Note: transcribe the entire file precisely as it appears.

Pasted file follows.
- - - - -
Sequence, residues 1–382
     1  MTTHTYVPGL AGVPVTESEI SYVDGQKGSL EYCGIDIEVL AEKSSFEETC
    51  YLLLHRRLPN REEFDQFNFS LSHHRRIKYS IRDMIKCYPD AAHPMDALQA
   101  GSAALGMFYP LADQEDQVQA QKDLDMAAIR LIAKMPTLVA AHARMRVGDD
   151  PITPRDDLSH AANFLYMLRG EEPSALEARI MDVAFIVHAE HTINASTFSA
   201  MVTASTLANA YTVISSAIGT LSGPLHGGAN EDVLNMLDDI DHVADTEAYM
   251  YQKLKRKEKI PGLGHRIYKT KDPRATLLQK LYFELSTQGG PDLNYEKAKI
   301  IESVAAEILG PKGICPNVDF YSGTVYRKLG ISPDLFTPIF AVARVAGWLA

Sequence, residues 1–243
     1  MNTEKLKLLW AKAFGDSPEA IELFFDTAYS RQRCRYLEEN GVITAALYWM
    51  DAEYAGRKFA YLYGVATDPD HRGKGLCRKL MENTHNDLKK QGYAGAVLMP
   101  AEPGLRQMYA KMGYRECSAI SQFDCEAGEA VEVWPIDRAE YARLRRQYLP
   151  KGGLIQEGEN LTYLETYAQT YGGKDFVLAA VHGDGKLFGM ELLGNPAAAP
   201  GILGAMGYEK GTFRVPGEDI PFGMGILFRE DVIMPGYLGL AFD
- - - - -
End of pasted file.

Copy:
Sequence, residues 1–382
     1  MTTHTYVPGL AGVPVTESEI SYVDGQKGSL EYCGIDIEVL AEKSSFEETC
    51  YLLLHRRLPN REEFDQFNFS LSHHRRIKYS IRDMIKCYPD AAHPMDALQA
   101  GSAALGMFYP LADQEDQVQA QKDLDMAAIR LIAKMPTLVA AHARMRVGDD
   151  PITPRDDLSH AANFLYMLRG EEPSALEARI MDVAFIVHAE HTINASTFSA
   201  MVTASTLANA YTVISSAIGT LSGPLHGGAN EDVLNMLDDI DHVADTEAYM
   251  YQKLKRKEKI PGLGHRIYKT KDPRATLLQK LYFELSTQGG PDLNYEKAKI
   301  IESVAAEILG PKGICPNVDF YSGTVYRKLG ISPDLFTPIF AVARVAGWLA

Sequence, residues 1–243
     1  MNTEKLKLLW AKAFGDSPEA IELFFDTAYS RQRCRYLEEN GVITAALYWM
    51  DAEYAGRKFA YLYGVATDPD HRGKGLCRKL MENTHNDLKK QGYAGAVLMP
   101  AEPGLRQMYA KMGYRECSAI SQFDCEAGEA VEVWPIDRAE YARLRRQYLP
   151  KGGLIQEGEN LTYLETYAQT YGGKDFVLAA VHGDGKLFGM ELLGNPAAAP
   201  GILGAMGYEK GTFRVPGEDI PFGMGILFRE DVIMPGYLGL AFD